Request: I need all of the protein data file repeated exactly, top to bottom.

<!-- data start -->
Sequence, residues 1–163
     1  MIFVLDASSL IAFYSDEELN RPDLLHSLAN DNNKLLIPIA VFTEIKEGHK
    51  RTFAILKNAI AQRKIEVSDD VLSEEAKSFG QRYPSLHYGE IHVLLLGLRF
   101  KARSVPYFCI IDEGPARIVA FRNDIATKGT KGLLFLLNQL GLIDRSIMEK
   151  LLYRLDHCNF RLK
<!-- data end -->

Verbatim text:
Sequence, residues 1–163
     1  MIFVLDASSL IAFYSDEELN RPDLLHSLAN DNNKLLIPIA VFTEIKEGHK
    51  RTFAILKNAI AQRKIEVSDD VLSEEAKSFG QRYPSLHYGE IHVLLLGLRF
   101  KARSVPYFCI IDEGPARIVA FRNDIATKGT KGLLFLLNQL GLIDRSIMEK
   151  LLYRLDHCNF RLK